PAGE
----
Here is some UB40 to help all you farmers out there struggling with naughty vermin… and not the nice vermin like Bernard the mouse from the Rescuers who help small children either- but the kind with beady eyes and fluffy fur and a huge appetite.
This great song that should be listened to on those nights when it’s too hot to sleep and you just want to sit on your deck in your undies…after watching a fun game of baseball when the sun was so strong all you could see was a cloud of dust as they ran the bases. But the beer was cold and the hot dogs were great.
Click on the link below for this great song.
I managed to squeeze in a bit of reading with a very busy schedule. This is why sometimes I appreciate graphic novels- when you feel like you wish you could read more but find after very long days you may not have as much brain power as you might like.
I really enjoyed Thi Bui’s first illustrated memoir titled The Best We Could Do. I think a friend of a friend recommended it, which is sometimes the best way to find an interesting book.
There is no way to feel removed from this story, it begins with a picture of the author’s stomach as she is in labour for the first time. It explores her fears of not only being a new mother but the worry that her child might be adversely affected by “the demons” of her families past. She explores the question, will her own child be free of all the detritus that comes from a history of loss and war?
Bui’s novel is beautiful to hold and look at, the pages and colours she has chosen make the book feel like you are looking at vintage photographs. The author interviews her family to draw out their painful stories of what it was like to grow up during times of famine and war and what courage it took to get on a boat to escape your home country.
Thi Bui gains not only stories from Vietnam but gains empathy for her mother. A hard lesson learned for many daughters.
As I sit here in the hot car waiting for a late ferry- (you must never be impatient if you live on an island)- I pull out my boxes (yes, boxes) of homemade pottery and can’t stop holding and marveling at the surfaces, the colours, the specks of gold and blues. These are mugs that I made with my own two hands!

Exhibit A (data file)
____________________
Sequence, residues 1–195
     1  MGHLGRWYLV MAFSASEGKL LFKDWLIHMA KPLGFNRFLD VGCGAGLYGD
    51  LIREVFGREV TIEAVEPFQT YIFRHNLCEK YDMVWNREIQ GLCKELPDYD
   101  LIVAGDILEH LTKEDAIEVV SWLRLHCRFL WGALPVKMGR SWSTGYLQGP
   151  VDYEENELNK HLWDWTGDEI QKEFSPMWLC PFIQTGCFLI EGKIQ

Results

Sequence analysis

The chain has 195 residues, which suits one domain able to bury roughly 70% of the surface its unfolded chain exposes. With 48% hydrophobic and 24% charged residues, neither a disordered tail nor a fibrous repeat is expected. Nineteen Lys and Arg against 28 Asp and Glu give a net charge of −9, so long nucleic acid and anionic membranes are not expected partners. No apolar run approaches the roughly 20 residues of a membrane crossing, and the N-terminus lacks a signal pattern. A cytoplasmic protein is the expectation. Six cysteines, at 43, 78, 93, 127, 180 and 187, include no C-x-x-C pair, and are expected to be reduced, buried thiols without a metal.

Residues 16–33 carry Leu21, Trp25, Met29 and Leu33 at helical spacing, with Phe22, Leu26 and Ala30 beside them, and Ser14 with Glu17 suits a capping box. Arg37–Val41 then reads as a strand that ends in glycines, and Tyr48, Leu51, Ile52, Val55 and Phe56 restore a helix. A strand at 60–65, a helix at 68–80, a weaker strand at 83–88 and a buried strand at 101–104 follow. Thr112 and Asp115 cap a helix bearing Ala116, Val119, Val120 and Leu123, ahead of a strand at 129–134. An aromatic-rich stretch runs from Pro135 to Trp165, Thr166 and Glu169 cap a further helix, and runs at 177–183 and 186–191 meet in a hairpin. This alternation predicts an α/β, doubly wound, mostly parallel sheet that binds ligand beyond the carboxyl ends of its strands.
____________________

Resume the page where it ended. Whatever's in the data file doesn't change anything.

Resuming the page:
I hope nobody sees me trace my finger over the tiny flower or the smudgy outline of black birds.
Why can’t I put them down..is it because they are so beautiful? No. They are bottom heavy and dripping with too many layers of glaze. The mugs are a hodgepodge of styles from sgraffitto- a scratched in pattern that makes very striking black and white pottery- to stamped flowers, starfish ( of course) and birds.
I can’t keep my hands off of these misshapen cylinders, the mistakes hidden ( not so cleverly) beneath a glittering copper raku finish.
And yet. I turn my little- what could it be, a wooden spoon holder? A pen holder? I hold them in my hands one by one, unable to put them down.
My teacher said on the first day of class- –that clay is honest. I think what he meant was that there is no way to cheat it… you have to be patient, weigh out your clay, work it carefully, not too wet, not too dry. And if you have ugly work, that is thick rimmed, with god awful colours it is because you are a beginner, there is no hiding this fact. All the beautiful pottery we use on a day to day basis-these pieces from potters are the ones who kept at it to make those lovely shapes, comfortable to hold and to drink from or eat our bowls of popcorn from.
And if I get better at it, if I do carry on with it— and I think I will, because I am caught in it’s spell of wedging and molding and waiting and glazing and waiting some more… then I will get better and maybe my next load won’t have glazes that are too thick, or lumpy- each time, little by little the forms will improve.
I will let you know when I get better….. Honest.